Over the billions of years that our ancestors have lived on this planet, we’ve developed multiple ways of knowing. There are three main theories to explain how intuition arises, and I believe that they each comprise an important aspect of our inner navigational systems—

  1. Intuition arises from the wisdom of your body,
  2. Intuition is life living through us, and
  3. Intuition is—sometimes— unconscious knowledge.

1.  Your Body’s Wisdom.

Intuition is like your body’s inner navigational system. Your body is an extraordinarily sensitive instrument with the ability to track what’s happening internally and externally and to discern the next steps that will serve you most. Every cell in your body is continuously informing the rest of your body about what it needs to be well, and all of these signals come together to create a felt sense or a not-yet-articulated inner knowing. By learning to become aware of the sensations in your body, you can use this information to better choose your next steps forward.

There are three primary centers of intelligence in the body— the gut, the heart, and the head:

Your Gut: In many traditions, the low belly is considered the power center of intuition, action, and creativity.  In Chinese medicine, this area is called the lower dan tian. In Japanese martial arts and meditative traditions, it’s called the Hara. Modern-day neuroscience is finally catching up to the ancient teachings and shows that the gut contains over 500 million neurons which can learn and form memories and are equivalent in size and complexity to a cat’s brain.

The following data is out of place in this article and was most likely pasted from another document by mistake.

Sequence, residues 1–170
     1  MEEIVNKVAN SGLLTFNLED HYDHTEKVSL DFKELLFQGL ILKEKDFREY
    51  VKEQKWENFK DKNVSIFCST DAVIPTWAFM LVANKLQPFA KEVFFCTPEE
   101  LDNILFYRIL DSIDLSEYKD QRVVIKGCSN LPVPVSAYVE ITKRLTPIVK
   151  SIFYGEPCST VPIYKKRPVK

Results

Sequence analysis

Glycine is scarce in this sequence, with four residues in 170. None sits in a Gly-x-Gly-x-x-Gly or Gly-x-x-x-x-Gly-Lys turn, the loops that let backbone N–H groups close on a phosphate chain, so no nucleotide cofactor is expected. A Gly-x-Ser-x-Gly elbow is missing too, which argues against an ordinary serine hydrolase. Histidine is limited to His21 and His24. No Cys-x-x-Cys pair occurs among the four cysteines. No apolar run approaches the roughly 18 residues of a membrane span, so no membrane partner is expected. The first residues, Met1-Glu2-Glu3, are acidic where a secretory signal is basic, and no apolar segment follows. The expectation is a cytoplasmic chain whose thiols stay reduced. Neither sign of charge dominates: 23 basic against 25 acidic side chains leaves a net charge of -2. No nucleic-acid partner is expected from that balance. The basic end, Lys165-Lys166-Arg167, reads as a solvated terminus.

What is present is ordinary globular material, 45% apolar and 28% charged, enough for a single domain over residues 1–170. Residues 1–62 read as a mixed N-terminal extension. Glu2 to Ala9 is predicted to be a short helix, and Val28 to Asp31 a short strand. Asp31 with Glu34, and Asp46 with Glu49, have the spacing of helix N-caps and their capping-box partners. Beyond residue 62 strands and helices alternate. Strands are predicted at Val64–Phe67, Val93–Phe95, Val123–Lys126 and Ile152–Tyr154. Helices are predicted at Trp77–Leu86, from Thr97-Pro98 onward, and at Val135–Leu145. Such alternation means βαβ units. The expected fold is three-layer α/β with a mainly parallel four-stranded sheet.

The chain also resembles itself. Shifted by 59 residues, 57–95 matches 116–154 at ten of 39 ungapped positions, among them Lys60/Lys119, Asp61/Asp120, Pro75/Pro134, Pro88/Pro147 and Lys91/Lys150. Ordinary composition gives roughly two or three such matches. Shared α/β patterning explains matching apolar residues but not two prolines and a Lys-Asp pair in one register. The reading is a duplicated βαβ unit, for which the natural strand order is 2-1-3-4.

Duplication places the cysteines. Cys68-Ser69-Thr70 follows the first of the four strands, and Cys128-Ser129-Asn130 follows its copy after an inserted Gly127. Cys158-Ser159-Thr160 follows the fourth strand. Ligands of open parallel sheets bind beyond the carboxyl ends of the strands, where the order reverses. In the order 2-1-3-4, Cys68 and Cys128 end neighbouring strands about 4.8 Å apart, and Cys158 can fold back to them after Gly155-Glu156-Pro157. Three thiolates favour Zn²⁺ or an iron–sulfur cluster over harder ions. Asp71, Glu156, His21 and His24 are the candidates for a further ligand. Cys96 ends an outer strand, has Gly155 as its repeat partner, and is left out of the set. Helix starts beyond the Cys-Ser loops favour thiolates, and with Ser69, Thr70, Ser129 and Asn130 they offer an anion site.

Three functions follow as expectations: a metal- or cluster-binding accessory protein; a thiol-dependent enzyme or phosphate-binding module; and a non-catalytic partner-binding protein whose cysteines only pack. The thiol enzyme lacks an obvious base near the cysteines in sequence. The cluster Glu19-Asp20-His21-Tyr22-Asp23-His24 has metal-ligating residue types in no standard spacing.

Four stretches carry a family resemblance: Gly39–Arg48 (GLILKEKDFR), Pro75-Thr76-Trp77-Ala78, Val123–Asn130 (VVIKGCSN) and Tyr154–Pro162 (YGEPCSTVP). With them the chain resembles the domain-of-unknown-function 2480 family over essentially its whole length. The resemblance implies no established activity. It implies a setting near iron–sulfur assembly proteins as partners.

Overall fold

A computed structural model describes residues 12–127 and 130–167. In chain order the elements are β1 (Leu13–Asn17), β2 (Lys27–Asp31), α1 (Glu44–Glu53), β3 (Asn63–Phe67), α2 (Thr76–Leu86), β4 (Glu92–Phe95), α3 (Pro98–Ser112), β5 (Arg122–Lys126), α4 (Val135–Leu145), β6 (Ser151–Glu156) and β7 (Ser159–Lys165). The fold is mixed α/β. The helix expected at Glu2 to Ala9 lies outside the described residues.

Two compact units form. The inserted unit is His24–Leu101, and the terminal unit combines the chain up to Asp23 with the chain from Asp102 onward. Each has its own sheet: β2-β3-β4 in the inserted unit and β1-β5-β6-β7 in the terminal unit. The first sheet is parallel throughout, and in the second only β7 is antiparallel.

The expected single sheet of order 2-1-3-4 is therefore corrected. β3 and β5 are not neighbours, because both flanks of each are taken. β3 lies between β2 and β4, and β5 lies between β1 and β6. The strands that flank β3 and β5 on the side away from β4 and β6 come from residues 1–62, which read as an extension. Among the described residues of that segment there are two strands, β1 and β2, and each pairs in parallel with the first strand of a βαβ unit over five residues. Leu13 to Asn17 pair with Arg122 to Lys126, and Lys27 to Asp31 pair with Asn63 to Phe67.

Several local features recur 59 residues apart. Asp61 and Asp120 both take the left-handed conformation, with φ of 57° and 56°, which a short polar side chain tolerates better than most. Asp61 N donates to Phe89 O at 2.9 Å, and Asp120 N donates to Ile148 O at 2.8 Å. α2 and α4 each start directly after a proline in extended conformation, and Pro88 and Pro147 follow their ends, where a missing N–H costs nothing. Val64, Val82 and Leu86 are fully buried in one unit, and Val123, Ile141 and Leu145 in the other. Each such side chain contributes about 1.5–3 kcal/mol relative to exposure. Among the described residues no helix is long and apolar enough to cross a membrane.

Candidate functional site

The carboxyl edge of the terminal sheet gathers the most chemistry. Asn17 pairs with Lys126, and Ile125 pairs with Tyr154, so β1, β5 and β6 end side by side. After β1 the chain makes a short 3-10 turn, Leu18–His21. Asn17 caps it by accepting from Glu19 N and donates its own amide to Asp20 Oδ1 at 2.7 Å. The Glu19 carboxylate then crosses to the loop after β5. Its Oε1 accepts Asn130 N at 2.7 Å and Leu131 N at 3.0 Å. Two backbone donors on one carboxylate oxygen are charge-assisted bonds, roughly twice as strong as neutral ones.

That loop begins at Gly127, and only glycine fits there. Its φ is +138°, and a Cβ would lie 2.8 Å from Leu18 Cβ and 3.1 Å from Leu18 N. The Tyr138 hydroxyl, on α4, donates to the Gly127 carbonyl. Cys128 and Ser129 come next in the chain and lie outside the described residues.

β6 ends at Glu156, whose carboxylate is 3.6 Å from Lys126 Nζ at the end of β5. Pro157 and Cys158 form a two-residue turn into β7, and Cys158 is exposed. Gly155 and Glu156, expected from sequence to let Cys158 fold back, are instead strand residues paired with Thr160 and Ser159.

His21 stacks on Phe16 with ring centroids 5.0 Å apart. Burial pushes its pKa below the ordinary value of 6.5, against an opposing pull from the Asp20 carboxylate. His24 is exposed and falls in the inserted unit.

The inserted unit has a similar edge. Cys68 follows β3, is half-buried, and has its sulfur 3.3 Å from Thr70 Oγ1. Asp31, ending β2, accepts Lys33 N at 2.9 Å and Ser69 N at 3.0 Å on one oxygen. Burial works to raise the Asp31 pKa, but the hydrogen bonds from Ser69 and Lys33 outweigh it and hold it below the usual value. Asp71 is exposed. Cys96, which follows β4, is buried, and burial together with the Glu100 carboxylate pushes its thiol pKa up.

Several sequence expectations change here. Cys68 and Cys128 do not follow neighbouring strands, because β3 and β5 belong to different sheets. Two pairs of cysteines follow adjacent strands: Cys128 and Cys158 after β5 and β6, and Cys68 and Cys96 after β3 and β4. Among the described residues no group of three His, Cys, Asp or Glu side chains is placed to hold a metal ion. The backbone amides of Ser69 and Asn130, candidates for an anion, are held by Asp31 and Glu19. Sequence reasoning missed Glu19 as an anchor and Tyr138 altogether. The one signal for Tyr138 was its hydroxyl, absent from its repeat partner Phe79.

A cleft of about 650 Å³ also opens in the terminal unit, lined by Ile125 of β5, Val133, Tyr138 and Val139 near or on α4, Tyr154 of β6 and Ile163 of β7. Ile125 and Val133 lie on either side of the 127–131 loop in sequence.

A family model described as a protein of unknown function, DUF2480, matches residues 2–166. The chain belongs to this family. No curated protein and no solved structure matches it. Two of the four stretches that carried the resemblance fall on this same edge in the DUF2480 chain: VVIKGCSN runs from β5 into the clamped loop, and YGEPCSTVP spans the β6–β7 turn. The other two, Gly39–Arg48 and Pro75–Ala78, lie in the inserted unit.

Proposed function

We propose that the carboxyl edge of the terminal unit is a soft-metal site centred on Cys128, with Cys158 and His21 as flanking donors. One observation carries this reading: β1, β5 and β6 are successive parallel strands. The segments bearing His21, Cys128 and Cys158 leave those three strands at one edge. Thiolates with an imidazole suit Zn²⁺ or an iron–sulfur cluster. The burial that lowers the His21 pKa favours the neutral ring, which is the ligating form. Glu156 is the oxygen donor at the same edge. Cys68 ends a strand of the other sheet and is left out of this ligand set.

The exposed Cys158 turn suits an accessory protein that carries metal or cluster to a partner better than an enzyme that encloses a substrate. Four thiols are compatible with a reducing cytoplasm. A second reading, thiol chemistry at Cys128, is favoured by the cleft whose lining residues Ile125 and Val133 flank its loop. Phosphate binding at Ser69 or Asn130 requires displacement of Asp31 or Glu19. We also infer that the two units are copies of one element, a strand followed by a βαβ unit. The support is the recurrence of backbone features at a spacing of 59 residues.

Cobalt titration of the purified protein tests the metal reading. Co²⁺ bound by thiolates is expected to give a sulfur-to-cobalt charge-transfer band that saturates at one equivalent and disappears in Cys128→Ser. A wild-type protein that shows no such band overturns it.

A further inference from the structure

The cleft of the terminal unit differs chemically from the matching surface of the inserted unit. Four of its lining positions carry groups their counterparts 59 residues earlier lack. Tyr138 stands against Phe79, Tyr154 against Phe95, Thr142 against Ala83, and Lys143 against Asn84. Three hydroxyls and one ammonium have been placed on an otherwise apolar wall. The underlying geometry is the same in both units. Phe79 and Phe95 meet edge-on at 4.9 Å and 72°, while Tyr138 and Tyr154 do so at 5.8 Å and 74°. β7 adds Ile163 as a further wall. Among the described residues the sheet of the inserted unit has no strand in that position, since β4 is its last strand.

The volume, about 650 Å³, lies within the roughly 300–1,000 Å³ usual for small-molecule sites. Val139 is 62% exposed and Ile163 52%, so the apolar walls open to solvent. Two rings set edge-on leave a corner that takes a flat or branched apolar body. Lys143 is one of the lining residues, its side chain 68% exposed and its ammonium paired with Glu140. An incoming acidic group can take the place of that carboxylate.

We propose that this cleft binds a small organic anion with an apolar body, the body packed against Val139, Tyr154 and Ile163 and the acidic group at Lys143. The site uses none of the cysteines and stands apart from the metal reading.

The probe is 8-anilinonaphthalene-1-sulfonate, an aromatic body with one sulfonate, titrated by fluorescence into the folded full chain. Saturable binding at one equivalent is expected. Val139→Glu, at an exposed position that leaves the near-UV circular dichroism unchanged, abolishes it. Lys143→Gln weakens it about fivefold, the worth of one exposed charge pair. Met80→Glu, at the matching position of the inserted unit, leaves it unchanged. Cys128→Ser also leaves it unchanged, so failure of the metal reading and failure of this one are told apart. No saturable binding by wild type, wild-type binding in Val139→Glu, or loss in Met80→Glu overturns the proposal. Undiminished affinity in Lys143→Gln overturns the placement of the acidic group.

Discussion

Your Heart: According to the HeartMath Institute, the heart generates an electromagnetic field that’s about one hundred times stronger than that of the brain in our heads, and our nervous systems can detect other peoples’ energetic fields. This may be how we’re able to sense another person’s presence or emotional state even without words or body language. Long before Americans revered the brain, many ancient cultures including the Mesopotamians, Egyptians, Babylonians, and Greeks believed that the heart was the primary organ of intelligence and decision-making.

Your Head: The brain in your head also has an immense capacity for perception and understanding. Where most folks in modern-day Western society get stuck is that they privilege the intelligence of the brain over the intelligence of the gut and the heart. Our brains are not as good at getting an initial sense of what our next right steps are, but they are gifted at figuring out how to make things happen. I invite you to think of your brain as an ally for the rest of your body. When you face a big decision, check in first with your gut and your heart and then turn to your mind to help get to where you want to go.